Days of Hate #2 Review: A Bleak and Visceral Political Drama

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After Amanda's attack on the white nationalist dining haven, the U.S is reeling in the fallout. Amanda herself is lying low with her companion, but her ex-wife, Xing, is helping the government track her down. The investigating agent, Freeman, is eager to get the job done.

Days of Hate #2 cover by Danijel Zezelj
Days of Hate #2 cover by Danijel Zezelj

While still leaning heavily into the political allegory, Days of Hate #2 takes a step back to let us get to know the main agents in this drama. We get more casual interaction between our two mains. We see what Xing's day-to-day life is like and the depth of her pains. We see Freeman as the human being he is, making it harder to hate him as the racist law enforcement agent we met last issue.

That being said, the political allegory is still in there, and the comic is far from tentative about calling out political parties and ideologies.

The pacing is quick, and the comic doesn't inundate you with walls of text. The narrative and visual atmosphere is so beautifully oppressive and yet so matter-of-fact that this is a comic best enjoyed with a strong drink. The main dilemma is that the brisk pacing makes the comic pass too quickly. You want it to linger a little more, even if that would clash with its blunt presentation.

Ales Kot continues to be homed in on the political atmosphere of the United States and the world to which we are dangerously close.

Days of Hate #2 art by Danijel Zezelj and Jordie Bellaire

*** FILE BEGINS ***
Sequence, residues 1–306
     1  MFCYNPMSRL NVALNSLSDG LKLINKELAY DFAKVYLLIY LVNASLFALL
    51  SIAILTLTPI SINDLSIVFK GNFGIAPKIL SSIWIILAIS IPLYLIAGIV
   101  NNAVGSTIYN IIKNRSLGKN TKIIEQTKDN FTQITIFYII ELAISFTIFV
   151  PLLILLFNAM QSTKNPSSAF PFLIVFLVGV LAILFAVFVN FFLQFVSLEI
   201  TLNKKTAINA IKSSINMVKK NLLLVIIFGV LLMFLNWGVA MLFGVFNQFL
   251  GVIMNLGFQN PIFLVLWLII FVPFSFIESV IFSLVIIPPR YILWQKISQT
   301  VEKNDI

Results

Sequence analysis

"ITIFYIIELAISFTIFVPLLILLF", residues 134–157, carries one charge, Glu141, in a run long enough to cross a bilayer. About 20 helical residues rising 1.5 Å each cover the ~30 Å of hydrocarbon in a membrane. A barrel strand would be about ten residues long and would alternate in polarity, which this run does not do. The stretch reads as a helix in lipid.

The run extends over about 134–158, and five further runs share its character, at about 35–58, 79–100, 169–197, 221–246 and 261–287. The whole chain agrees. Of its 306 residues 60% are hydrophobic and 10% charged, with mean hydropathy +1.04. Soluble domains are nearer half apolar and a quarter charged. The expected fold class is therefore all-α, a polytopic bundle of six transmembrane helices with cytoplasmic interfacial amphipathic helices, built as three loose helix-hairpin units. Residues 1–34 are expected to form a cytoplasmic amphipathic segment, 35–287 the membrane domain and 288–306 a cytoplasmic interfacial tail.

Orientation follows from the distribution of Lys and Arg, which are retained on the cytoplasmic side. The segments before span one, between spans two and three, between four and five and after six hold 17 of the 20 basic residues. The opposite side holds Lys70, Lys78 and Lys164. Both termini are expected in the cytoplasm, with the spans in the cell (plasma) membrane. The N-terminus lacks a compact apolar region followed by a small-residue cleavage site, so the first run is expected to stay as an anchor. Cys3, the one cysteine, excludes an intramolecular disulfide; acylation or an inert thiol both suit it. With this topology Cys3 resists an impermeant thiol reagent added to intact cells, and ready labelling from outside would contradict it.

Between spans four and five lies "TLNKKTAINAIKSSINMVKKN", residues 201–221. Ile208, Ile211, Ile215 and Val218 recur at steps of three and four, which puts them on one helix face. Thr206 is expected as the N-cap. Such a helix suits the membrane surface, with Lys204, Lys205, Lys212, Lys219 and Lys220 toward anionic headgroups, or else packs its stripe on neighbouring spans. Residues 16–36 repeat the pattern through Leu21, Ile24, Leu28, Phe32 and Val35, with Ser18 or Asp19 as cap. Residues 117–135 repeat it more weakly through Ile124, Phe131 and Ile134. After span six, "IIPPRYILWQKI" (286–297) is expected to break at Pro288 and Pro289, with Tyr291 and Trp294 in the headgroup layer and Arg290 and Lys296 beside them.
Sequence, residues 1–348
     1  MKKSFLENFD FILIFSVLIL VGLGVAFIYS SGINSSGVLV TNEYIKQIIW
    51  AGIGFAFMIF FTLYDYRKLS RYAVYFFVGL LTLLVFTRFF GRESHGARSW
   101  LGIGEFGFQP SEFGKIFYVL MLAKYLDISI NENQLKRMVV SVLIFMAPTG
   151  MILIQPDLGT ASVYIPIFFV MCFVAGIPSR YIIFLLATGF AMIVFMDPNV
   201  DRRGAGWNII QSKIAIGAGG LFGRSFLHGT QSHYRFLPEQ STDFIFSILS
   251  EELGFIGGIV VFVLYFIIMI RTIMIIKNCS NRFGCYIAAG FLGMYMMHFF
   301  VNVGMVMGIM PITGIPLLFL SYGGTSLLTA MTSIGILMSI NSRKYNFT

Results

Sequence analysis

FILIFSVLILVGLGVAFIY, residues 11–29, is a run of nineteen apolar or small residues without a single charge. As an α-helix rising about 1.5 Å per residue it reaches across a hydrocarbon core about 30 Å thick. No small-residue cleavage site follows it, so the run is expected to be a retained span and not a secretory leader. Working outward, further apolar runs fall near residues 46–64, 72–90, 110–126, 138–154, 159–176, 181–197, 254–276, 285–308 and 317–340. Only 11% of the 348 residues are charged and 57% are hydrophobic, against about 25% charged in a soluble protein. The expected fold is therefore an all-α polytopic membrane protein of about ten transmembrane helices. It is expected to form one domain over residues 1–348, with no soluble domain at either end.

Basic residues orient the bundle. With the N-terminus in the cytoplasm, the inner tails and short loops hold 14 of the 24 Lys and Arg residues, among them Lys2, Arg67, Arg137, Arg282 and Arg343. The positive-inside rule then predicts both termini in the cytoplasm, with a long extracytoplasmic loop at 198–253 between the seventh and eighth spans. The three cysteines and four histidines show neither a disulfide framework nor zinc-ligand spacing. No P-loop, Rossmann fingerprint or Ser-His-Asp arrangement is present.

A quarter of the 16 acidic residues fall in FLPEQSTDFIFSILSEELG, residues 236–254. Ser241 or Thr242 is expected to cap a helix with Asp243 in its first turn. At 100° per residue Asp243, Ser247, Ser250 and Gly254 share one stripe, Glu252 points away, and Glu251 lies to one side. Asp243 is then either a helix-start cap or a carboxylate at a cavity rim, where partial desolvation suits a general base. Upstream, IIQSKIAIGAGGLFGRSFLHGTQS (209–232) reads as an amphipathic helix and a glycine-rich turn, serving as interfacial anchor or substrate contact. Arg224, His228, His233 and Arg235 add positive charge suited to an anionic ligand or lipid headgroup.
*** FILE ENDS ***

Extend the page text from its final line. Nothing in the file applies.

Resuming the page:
Days of Hate #2 art by Danijel Zezelj and Jordie Bellaire

Danijel Zezelj's artwork is dim, gritty, and, to reuse a word, oppressive. This world is bleak beyond measure. Characters are given light detail but are shaded enough to give you impressions of their features. Jordie Bellaire's legendary color work brings it together with dim shades, focuses on grays, blacks, browns, and dark reds. This is a cold comic to look at.

Days of Hate #2 is another unnerving installment to the series. Kot is just beginning to dissect the cultural zeitgeist of America at this point in time, and I find myself both excited and nervous about what he will next bring to life through the talented Zezelj and Bellaire. In any case, this comic comes highly recommended. Check it out.

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About Joshua Davison

Josh is a longtime super hero comic fan and an aspiring comic book and fiction writer himself. He also trades in videogames, Star Wars, and Magic: The Gathering, and he is also a budding film buff. He's always been a huge nerd, and he hopes to contribute something of worth to the wider geek culture conversation. He is also happy to announce that he is the new Reviews Editor for Bleeding Cool. Follow on Twitter @joshdavisonbolt.